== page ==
Another article that puts words in Trumps mouth and repeats oft told mischaracterizations of him being a racist. His life story tells another tale. Meanwhile…..

    • Biggd4355

      refusing renters because they are black, or colored, fits the description of racist 7 days a week. And we all heard him say he likes his veterans uncaptured. Nobody put those words in his mouth. And the women that vote for him need to dye their typical blonde. Some blondes are intelligent, so I said typical as a way to separate them.

      • Lucifer Prime

        You have no reason to call Trump a racist, I know for a fact that you cannot back that up. Refusing renters based on their race is illegal, refusing renters based on their credit score, renter history, or criminal records is not. You think Donald Trump is racist because he is white, rich, and rude, and this fits with your world view preconceptions which were probably derived from watching too much television and Hollywood movies.

      • Rafael Carneiro Almeida


        LIER!! Typical american wannabe sports hero. Belives anything he sees on CNN…. Sore loser. Go to school, ignorant.

      • Dr Anon

        You obviously don’t own rental property. Racist or not, renting to coloreds is a prime way to end up with your investment trashed.

        • psi2u2

          You are obviously ignorant of the full extent of Trump’s ignorance of “coloreds”.

          • Dr Anon

            Trump wasn’t ignorant of colored people; that’s precisely why he didn’t want to rent to them. Again, the owners in this world have to be selective with who they trust to rent their investments. People who regularly rent to coloreds lose a lot of money. It is you who are ignorant of reality, probably like the rest of them: you’re afraid of being different than what is popular… I don’t give a hoot what anyone calls me. I just want the rent check on time. Whites and Asians have figured out how to meet this simple request so I rent to them.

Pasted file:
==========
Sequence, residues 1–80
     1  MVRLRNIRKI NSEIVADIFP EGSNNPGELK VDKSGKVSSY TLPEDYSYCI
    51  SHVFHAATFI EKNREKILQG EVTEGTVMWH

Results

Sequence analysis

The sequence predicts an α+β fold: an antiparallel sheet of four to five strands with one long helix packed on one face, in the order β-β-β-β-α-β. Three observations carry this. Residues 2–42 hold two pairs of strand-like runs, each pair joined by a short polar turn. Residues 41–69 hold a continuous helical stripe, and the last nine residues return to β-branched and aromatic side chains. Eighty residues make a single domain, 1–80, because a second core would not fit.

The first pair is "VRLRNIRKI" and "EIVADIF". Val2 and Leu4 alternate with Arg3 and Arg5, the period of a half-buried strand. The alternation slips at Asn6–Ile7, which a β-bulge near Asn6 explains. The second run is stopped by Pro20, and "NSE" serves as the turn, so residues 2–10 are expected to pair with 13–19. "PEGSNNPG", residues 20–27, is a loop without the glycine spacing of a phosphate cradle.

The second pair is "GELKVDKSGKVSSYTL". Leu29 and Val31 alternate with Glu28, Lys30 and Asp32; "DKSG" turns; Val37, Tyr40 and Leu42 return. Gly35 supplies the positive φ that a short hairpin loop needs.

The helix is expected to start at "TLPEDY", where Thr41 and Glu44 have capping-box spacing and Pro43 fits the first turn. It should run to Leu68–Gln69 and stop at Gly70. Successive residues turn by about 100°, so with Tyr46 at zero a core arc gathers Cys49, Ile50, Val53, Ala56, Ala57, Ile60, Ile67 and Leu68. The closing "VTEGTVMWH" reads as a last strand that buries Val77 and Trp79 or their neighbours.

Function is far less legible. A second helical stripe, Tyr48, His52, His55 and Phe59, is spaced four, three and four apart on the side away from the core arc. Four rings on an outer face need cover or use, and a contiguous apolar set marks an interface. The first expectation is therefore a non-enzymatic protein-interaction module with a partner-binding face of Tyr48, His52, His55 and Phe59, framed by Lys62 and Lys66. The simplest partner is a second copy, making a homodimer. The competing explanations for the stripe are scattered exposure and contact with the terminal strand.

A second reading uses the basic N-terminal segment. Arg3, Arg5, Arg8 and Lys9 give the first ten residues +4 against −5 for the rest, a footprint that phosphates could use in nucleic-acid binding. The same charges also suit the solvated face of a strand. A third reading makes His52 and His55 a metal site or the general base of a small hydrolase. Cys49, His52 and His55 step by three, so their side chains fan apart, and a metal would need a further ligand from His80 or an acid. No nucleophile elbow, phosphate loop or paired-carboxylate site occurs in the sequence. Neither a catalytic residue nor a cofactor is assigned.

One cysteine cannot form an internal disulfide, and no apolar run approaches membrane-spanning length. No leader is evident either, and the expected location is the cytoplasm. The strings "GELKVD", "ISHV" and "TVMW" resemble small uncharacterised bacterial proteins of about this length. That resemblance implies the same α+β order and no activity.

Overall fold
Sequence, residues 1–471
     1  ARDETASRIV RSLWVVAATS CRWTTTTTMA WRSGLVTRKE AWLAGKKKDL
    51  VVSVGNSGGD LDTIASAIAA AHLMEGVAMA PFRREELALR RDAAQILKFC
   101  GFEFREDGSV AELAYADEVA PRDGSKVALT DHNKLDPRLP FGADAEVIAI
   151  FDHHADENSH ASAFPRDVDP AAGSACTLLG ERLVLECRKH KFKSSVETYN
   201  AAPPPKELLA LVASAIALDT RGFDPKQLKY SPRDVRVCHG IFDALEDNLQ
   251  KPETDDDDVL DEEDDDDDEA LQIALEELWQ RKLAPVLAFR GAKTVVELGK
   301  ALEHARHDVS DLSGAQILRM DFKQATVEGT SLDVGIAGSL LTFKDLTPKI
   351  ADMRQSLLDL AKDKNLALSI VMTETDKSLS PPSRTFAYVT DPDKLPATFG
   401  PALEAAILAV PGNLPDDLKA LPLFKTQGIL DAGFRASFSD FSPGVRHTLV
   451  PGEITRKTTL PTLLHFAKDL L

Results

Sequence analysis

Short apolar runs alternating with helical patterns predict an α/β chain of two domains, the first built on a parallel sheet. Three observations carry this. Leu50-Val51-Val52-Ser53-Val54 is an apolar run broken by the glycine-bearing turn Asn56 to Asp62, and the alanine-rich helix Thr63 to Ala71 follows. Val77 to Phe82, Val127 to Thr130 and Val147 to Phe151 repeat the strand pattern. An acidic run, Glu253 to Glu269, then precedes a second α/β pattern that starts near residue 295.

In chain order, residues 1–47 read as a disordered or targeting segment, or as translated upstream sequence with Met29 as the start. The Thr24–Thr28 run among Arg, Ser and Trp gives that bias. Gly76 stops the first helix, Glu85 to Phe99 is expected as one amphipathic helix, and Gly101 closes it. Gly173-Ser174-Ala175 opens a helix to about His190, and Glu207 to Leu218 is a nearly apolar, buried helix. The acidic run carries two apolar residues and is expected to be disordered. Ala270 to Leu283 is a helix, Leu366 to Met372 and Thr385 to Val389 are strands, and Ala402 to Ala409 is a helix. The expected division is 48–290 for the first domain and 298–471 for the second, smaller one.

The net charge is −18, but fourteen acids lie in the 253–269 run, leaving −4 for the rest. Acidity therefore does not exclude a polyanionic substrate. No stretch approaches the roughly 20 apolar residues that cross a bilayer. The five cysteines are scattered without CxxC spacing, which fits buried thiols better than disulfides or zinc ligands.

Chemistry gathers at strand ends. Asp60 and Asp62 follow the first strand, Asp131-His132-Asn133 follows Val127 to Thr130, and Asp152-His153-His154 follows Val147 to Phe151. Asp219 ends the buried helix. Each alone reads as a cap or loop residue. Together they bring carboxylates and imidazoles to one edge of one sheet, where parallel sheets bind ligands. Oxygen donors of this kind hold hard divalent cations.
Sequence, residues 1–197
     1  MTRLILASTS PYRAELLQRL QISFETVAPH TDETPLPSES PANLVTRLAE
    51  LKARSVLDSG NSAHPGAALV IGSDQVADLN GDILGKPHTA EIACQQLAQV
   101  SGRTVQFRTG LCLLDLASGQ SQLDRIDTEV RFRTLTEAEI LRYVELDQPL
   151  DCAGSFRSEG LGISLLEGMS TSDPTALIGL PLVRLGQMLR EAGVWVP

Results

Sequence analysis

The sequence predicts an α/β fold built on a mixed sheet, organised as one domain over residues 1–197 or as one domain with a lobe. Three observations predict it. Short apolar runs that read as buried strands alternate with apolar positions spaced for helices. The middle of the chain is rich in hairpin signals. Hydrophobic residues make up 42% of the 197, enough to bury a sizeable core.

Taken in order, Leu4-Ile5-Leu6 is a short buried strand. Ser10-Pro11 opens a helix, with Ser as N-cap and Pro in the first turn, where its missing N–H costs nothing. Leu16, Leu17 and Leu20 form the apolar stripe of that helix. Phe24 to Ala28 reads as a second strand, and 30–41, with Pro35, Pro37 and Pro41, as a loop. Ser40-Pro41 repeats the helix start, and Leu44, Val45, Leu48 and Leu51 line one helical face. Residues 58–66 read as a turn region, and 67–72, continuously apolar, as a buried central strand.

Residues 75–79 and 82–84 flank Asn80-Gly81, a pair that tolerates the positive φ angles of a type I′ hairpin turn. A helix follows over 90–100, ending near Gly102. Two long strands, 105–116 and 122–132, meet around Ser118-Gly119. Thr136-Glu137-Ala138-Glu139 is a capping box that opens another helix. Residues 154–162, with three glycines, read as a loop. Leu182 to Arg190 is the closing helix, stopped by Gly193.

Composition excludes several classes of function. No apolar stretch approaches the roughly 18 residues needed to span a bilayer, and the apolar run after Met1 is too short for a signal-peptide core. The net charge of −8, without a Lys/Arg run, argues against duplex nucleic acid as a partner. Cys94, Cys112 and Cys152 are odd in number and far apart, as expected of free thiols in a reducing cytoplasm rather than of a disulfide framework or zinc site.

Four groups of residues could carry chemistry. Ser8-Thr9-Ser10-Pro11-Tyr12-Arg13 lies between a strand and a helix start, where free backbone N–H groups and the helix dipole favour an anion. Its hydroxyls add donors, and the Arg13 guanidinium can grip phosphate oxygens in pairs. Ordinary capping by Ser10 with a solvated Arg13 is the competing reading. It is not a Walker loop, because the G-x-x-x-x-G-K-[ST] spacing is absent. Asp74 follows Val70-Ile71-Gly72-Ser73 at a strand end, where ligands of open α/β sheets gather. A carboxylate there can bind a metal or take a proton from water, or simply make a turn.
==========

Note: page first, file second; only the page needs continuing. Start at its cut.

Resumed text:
• psi2u2

        Thank you for the important clarification. So is denying for 8 years that the President of the United States is an American citizen simply because he’s African American. There is no question that Trump is a racist.

  • Brown Dirt

    Seriously medical Marijuana is a reality but do you really want cocaine and heroin in this country. A war on these drugs is a necessity. And I firmly believe pain pills should only be dished out weekly and to people with a history of addiction should not even be allowed that. Addiction sucks the life out of the people and everyone who cares about them.

    • mbunker2007

      marijuana will be legal soon enough in all states.

    • Deguello

      Brown dirt apparently means shit for brains. There IS a difference between addiction and dependence. The government being involved in our healthcare has shown to be a dismal failure and it sounds as if that is what you are advocating. There will always be drug abuse the same as there will always be alcohol abuse. You need to put yourself in the position of having a chronic condition requiring pain medication—none of us ever thought it would happen to us. Our health should be between ourselves and our doctors and hands off for our government. The burden caused by having to make a weekly visit to the Dr. would be ridiculous both monetary and paperwork wise. There are many of us who couldn’t lead a normal life without pain meds. This doesn’t mean we are abusers. We are dependent but not junkies. Consider what it would be like to live your life each day knowing that the government could at any moment take away your means of being able to do the tasks of everyday normal life—shopping, laundry, cooking etc. Give me one valid reason why a person should have to live in chronic irreversible pain when we have the science and medical knowledge to change that.